L.A. Unleashed

All things animal in Southern
California and beyond

Category: PETA

North Carolina animal testing facility surrenders animals after PETA's release of undercover video

PetaVid1 A North Carolina lab has stopped doing research and is surrendering all of its animals a week after an undercover video showed what activists allege were workers cruelly treating dogs, cats and rabbits, federal regulators said Wednesday.

U.S. Department of Agriculture spokesman Dave Sacks said officials are trying to find new homes for more than 200 animals that were at Professional Laboratory and Research Services Inc. He said it was the company's decision to give them up and stop research. The USDA inspected the site this week and has started a formal investigation.

The developments come after People for the Ethical Treatment of Animals released a video of conditions at the lab. PETA contends that workers violently handled the animals and violated laws.

"I think it's imperative that all the animals go to good homes," said Kathy Guillermo, vice president of laboratory investigations at PETA. "They've suffered enough. This is a chance for them to know for the first time in their lives some joy and some peace."

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'Dancing shrimp' are off the menu at Sacramento seafood restaurant after PETA raises objections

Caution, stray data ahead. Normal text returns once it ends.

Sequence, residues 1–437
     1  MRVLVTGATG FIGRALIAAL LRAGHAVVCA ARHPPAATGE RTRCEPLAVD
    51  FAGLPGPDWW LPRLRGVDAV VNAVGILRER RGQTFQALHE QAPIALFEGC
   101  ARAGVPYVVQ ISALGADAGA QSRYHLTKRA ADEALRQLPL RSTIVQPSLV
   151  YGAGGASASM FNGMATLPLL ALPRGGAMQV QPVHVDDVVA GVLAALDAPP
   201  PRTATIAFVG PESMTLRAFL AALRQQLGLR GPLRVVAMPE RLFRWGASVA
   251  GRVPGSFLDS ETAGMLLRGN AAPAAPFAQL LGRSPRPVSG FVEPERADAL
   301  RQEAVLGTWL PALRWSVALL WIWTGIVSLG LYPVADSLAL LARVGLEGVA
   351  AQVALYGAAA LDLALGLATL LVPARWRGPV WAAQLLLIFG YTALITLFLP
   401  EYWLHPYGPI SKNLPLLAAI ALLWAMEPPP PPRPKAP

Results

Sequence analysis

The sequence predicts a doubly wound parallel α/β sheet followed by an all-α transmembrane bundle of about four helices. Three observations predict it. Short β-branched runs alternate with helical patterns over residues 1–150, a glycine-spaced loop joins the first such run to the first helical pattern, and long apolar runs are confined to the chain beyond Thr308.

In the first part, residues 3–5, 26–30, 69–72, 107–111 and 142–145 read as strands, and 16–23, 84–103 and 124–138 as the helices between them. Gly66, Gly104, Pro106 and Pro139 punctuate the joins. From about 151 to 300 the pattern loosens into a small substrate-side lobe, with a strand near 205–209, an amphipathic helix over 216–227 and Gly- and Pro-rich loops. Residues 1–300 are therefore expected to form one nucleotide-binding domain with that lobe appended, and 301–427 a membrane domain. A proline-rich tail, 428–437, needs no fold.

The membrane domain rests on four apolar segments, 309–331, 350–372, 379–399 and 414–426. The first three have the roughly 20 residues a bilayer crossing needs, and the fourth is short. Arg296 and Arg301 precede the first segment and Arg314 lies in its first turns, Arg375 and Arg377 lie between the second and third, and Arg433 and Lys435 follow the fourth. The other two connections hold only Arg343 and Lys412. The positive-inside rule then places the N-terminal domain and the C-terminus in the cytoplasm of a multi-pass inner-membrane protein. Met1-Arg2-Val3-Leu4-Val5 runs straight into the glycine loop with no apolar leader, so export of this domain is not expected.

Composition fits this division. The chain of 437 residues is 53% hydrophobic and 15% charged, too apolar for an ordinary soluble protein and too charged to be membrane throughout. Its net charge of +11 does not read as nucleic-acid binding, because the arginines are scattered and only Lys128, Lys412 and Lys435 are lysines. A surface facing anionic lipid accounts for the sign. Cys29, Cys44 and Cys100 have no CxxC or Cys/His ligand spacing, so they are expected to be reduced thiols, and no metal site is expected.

Spot Prawns

SACRAMENTO, Calif. — A Sacramento restaurant agreed to stop serving live shrimp after an animal-rights group said the practice was cruel to the shellfish.

People for the Ethical Treatment of Animals said the restaurant, Nishiki Sushi, suggested squeezing lemon juice on the shrimps' exposed flesh so they would writhe as they were eaten. The dish is commonly referred to as "dancing shrimp" and is considered a delicacy in Japan.

PETA contacted the restaurant after receiving dozens of complaints about the practice.

The animal rights group objected to the practice based on a 2007 study that explored shrimp pain from Queen's University Belfast in Northern Ireland.

The researchers found that prawns acted as if they had an injured paw when acid was dabbed onto an antennae, and the crustaceans also responded to numbing effects of painkillers.

"Because we received so many calls, we contacted Nishiki and told them every animal feels pain, and we have the scientific evidence to back that up," said Amanda Fortino, a campaign coordinator for PETA. "They agreed to not sell the live shrimp anymore, and we really appreciate that."

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OSHA fines SeaWorld for worker safety issues following orca trainer's death


Months after SeaWorld Orlando marine mammal trainer Dawn Brancheau was killed in an incident involving a 12,000-pound orca named Tilikum, the Occupational Safety and Health Administration has announced that it has cited SeaWorld for workplace safety violations.

According to OSHA, it found three specific violations in SeaWorld's conduct, most notably one it classified as a "willful" violation for "exposing [SeaWorld] employees to struck-by and drowning hazards when interacting with killer whales. The agency defines a willful violation as one committed with plain indifference to or intentional disregard for employee safety and health.

OSHA also noted two lesser violations, one "serious citation" for "failing to install a stairway railing system on the front side, left bridge of the 'Believe' stage in Shamu Stadium" and one "other-than-serious citation" for the Orlando, Fla., park's failure to place weatherproof enclosures over outdoor electrical outlets in the stadium. The agency fined SeaWorld $75,000 in total for the three violations.